Review: Contemporary European Cuisine in Seoul's French Village

Kitchen Flo in Sorae Village
Chef Jang-hyun Cho of the restaurant Kitchen Flo gave up the good life to toil in the kitchen. He was living the Korean dream as a businessman at Samsung. He had a wife and kids; he should have been happy. But after 10 years of corporate life, at age 35, he took his wife and children and moved to England to study culinary arts at London’s Cordon Bleu Academy. He said, “I never cooked at home, but I felt that cooking was similar to my childhood interests of painting and art.” When he returned to Korea, he opened Kitchen Flo in 2005 in Seoul’s French Village: Seorae Maul. I asked the chef if he was worried about opening a restaurant since I am quite aware of the volatile nature of the business. When he opened he said, “I opened the restaurant without fear, because I had never worked in a restaurant before.”

The chef’s artistic interests, fresh approach, and his fearless approach to cuisine makes Kitchen Flo, a gem in the congested restaurant scene. This contemporary European restaurant prides itself in using fresh ingredients and making almost everything by hand.

I was particular impressed with the Charcuterie Plate that has scratch-made foie gras terrine, smoked bacon and bresaola: aged, cured beef. There were even homemade pork rinds on the plate.
Their sausages are exciting as well. The mortadello has wonderful notes of oregano and pistachio. The sausage was perfectly paired with applesauce as an appetizer course. Their spicy and salty chorizo appears with clams in their spaghetti and with garlic bread-also an appetizer.

Now, the coursed meals are where this restaurant shines. The chef doesn’t like to stick with one genre of food. On his menu, you’ll see Korean influences and ingredients fused with European techniques. The menus are seasonal and depend on the chef’s imagination. My dinner course started with a creamy clam chowder that was reminiscent of my visits to New England yet with a twist: the potatoes had been replaced with rice. My salad had fresh mackerel and a tart vinegarette. My entrée was the star of the night: Miso Marinated Chicken topped with assorted shoots over luscious potato gratin with red-pepper paste sauce on the side. The crisp, char-broiled chicken was marinated overnight with the earthy bean paste. The extra touch of two types of garlic: a whole roasted clove and crisp garlic chips made this a truly memorable dish.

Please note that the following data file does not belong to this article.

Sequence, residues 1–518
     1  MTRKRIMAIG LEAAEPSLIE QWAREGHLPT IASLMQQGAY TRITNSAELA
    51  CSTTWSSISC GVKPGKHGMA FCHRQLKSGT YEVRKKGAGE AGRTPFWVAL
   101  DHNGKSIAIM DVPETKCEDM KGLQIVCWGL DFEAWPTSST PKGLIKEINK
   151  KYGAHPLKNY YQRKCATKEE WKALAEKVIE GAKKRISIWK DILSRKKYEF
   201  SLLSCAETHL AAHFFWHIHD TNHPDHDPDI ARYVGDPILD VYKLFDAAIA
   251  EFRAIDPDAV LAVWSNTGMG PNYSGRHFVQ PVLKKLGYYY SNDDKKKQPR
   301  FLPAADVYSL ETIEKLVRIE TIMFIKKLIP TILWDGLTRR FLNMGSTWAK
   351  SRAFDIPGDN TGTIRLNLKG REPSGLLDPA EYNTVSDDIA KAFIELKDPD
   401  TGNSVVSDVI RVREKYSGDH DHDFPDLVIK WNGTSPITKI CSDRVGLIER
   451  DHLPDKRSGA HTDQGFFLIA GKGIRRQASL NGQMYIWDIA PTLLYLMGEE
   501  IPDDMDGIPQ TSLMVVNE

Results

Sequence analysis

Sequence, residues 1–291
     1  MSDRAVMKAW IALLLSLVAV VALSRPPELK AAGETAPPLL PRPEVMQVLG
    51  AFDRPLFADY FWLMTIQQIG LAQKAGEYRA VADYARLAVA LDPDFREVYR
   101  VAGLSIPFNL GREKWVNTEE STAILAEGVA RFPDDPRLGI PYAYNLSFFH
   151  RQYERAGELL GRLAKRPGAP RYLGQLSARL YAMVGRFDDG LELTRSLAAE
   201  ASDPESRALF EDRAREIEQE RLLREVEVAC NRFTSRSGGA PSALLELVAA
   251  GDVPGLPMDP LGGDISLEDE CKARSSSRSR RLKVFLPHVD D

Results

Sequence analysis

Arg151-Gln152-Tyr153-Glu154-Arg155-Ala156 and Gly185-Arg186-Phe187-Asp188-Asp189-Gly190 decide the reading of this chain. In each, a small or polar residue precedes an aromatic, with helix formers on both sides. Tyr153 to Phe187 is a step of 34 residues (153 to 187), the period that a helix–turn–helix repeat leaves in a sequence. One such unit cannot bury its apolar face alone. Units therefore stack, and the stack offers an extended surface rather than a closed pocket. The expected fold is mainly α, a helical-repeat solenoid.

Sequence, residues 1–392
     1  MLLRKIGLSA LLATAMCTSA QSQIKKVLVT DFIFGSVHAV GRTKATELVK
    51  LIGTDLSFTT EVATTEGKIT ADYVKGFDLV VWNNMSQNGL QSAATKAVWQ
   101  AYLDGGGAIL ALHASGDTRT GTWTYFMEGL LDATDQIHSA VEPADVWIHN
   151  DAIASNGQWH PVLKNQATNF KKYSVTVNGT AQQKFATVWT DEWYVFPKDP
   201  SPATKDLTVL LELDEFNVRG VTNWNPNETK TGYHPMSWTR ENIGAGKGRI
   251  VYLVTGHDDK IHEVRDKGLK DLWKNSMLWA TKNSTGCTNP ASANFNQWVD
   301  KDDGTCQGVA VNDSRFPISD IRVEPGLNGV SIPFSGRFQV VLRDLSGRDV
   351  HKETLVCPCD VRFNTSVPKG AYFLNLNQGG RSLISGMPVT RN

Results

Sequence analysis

My guest had the meat of the day, which was a twist on Royal Court Rice Cake tteokbokki in a cream sauce and topped with slowly braised beef. The sauce was like a creamy carbonara-especially with the delicious chunks of their homemade bacon. The chewy rice cake and the meat made this dish a satisfying entrée.

For dessert there was a fluffy soufflé like cheesecake. Not particularly awe-inspiring, but a nice finish.
Kitchen Flo has a lot going for it. It’s a great date place to have an elegant meal; it’s great for wine with tapas; and it’s great for those wanting food cooked with skill and creativity. This is something that other restaurants in Korea should aspire to.

Kitchen Flo
Seoul, Seocho-gu Banpo 4-dong 91-2 Muju Building 1st Floor
Average Price: W15,000
Directions: Take a taxi to Seorae Village and get out at Paris Croissant. Cross the street and walk straight. It is on the first floor to the right.
Kitchen Flo's Charcuterie Plate

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